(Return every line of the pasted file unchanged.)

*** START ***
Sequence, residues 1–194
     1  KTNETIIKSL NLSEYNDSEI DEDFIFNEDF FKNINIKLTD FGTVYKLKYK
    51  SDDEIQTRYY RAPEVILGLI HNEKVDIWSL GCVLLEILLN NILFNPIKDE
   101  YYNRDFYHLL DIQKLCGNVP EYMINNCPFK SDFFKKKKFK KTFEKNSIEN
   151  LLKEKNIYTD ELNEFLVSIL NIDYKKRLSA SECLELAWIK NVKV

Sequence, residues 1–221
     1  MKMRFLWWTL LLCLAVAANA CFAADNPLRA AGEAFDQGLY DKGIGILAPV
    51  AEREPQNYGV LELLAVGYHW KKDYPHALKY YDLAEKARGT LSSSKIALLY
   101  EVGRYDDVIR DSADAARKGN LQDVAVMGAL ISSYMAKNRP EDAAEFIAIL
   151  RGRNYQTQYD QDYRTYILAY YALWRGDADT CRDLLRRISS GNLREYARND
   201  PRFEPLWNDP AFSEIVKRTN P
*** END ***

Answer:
Sequence, residues 1–194
     1  KTNETIIKSL NLSEYNDSEI DEDFIFNEDF FKNINIKLTD FGTVYKLKYK
    51  SDDEIQTRYY RAPEVILGLI HNEKVDIWSL GCVLLEILLN NILFNPIKDE
   101  YYNRDFYHLL DIQKLCGNVP EYMINNCPFK SDFFKKKKFK KTFEKNSIEN
   151  LLKEKNIYTD ELNEFLVSIL NIDYKKRLSA SECLELAWIK NVKV

Sequence, residues 1–221
     1  MKMRFLWWTL LLCLAVAANA CFAADNPLRA AGEAFDQGLY DKGIGILAPV
    51  AEREPQNYGV LELLAVGYHW KKDYPHALKY YDLAEKARGT LSSSKIALLY
   101  EVGRYDDVIR DSADAARKGN LQDVAVMGAL ISSYMAKNRP EDAAEFIAIL
   151  RGRNYQTQYD QDYRTYILAY YALWRGDADT CRDLLRRISS GNLREYARND
   201  PRFEPLWNDP AFSEIVKRTN P